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Dissertation/Thesis Abstract

Improving the Properties of Reclaimed Asphalt Pavement for Roadway Base Applications through Blending and Chemical Stabilization
by Bleakley, Albert Marshall, Jr., Ph.D., Florida Institute of Technology, 2012, 334; 3506537
Abstract (Summary)

Reclaimed Asphalt Pavement (RAP) is produced by milling during resurfacing operations. Finding innovative ways to incorporate RAP into highway base course applications will provide both environmental and economic benefits by allowing in situ recycling of material for projects such as widening or shoulder addition. RAP is a well-drained granular material which is already on site, however 100% RAP has low bearing strength and creeps under load.

The objective of this research was to develop methods to improve RAP's strength while reducing creep to an acceptable level through blending with high quality crushed limestone aggregate and/or by chemical stabilization with asphalt emulsion, Portland cement, or lime. RAP/aggregate blends with and without chemical stabilization were compacted by modified Proctor, Marshall, or gyratory methods, cured, and tested for strength and creep. Strength tests included limerock bearing ratio (LBR), a variant of the CBR test, unconfined compression, Marshall compression, and indirect tensile tests. Strength specimens were tested dry and soaked to evaluate retained strength. One dimensional creep testing was performed using seven day oedometer tests.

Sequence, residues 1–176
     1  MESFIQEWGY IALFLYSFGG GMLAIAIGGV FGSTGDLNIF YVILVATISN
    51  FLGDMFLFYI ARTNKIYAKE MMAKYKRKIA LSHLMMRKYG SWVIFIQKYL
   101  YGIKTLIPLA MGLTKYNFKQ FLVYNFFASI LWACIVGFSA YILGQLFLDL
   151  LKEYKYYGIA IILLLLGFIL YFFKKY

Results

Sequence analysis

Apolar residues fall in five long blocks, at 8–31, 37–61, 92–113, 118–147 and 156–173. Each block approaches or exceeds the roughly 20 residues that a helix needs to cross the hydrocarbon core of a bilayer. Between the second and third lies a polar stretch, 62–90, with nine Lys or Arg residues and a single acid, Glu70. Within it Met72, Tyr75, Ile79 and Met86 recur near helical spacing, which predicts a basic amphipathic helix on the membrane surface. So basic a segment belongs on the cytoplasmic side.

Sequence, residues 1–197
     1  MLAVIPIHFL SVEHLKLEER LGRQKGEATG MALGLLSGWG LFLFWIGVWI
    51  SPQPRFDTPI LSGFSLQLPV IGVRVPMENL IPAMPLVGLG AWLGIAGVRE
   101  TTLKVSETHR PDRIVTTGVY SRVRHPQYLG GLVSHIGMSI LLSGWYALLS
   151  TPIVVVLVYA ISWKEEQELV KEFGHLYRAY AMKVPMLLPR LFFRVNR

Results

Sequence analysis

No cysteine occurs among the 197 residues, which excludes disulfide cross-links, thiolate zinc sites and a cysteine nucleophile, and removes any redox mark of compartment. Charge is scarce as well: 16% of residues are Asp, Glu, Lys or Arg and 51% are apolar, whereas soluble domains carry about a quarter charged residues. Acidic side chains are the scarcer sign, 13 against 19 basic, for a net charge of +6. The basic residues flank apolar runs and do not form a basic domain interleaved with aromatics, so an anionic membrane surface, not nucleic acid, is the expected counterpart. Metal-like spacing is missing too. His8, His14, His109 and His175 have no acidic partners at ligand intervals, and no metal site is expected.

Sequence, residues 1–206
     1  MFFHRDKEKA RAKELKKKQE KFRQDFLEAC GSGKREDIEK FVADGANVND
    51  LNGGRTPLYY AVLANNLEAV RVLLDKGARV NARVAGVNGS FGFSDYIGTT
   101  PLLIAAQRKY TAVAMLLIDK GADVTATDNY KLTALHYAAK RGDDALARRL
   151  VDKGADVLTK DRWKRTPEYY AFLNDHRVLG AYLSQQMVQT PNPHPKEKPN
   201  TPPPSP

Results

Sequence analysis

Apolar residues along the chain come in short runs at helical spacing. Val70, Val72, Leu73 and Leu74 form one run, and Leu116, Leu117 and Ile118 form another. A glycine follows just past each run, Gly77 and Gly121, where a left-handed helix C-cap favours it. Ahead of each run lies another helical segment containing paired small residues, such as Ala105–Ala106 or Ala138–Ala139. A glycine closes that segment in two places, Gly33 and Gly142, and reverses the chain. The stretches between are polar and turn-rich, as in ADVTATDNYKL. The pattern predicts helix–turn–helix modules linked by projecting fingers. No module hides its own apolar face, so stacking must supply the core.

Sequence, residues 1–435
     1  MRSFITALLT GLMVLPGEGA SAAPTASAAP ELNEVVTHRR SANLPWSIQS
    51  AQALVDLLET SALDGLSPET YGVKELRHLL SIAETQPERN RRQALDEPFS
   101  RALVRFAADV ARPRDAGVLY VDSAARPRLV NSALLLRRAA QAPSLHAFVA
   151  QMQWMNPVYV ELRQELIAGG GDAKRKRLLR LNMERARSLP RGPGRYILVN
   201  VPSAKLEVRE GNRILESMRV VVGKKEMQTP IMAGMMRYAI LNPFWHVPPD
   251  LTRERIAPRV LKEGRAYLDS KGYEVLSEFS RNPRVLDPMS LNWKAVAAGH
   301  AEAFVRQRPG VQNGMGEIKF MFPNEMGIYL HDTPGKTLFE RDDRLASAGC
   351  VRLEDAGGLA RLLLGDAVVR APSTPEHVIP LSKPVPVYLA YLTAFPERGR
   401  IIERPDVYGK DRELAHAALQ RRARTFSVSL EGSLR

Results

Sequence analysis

RAP/aggregate blends have the potential to be used successfully as a base course material. Blends of RAP with 50% limerock base material attained a soaked LBR strength of 100 and acceptable levels of creep with the addition of 1% of either asphalt emulsion or cement. Blends or RAP with 75% or more limerock attained a soaked LBR close to 100 and low levels of creep without any chemical stabilizer. In general adding RAP to limerock blends increased the soaked retained strength and improved permeability compared to 100% limerock.

Gyratory compaction achieved higher densities than modified Proctor or Marshall compaction and improved RAP's strength by a factor of two to three compared to modified Proctor compaction at the same density but had less effect on creep. Field testing is required to determine whether it is feasible to reproduce the gyratory compaction results on an actual construction site. Significant variability was noted between results with different blends, compaction methods, and stabilizing agents. Site specific performance testing should be conducted to establish the viability of blending RAP into a base or subbase.

Indexing (document details)
Advisor: Cosentino, Paul J.
School: Florida Institute of Technology
School Location: United States -- Florida
Source: DAI-B 73/08(E), Dissertation Abstracts International
Subjects: Civil engineering
Keywords: Asphalt pavements, Reclaimed asphalt, Road bases, Soil stabilization
Publication Number: 3506537
ISBN: 978-1-267-29218-6
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